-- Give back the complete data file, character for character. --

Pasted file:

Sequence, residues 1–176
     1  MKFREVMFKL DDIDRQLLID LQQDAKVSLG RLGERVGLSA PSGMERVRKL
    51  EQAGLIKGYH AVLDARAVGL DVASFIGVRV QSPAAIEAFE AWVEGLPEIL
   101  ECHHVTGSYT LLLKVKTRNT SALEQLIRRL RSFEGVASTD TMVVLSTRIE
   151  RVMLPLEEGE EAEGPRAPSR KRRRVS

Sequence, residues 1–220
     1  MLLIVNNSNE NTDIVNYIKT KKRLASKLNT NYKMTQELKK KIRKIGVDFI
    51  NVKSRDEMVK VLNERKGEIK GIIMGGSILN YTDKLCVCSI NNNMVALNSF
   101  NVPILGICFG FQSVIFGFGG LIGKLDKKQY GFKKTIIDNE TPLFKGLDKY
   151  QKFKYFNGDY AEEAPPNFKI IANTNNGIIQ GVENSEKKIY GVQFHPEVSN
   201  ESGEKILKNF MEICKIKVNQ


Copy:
Sequence, residues 1–176
     1  MKFREVMFKL DDIDRQLLID LQQDAKVSLG RLGERVGLSA PSGMERVRKL
    51  EQAGLIKGYH AVLDARAVGL DVASFIGVRV QSPAAIEAFE AWVEGLPEIL
   101  ECHHVTGSYT LLLKVKTRNT SALEQLIRRL RSFEGVASTD TMVVLSTRIE
   151  RVMLPLEEGE EAEGPRAPSR KRRRVS

Sequence, residues 1–220
     1  MLLIVNNSNE NTDIVNYIKT KKRLASKLNT NYKMTQELKK KIRKIGVDFI
    51  NVKSRDEMVK VLNERKGEIK GIIMGGSILN YTDKLCVCSI NNNMVALNSF
   101  NVPILGICFG FQSVIFGFGG LIGKLDKKQY GFKKTIIDNE TPLFKGLDKY
   151  QKFKYFNGDY AEEAPPNFKI IANTNNGIIQ GVENSEKKIY GVQFHPEVSN
   201  ESGEKILKNF MEICKIKVNQ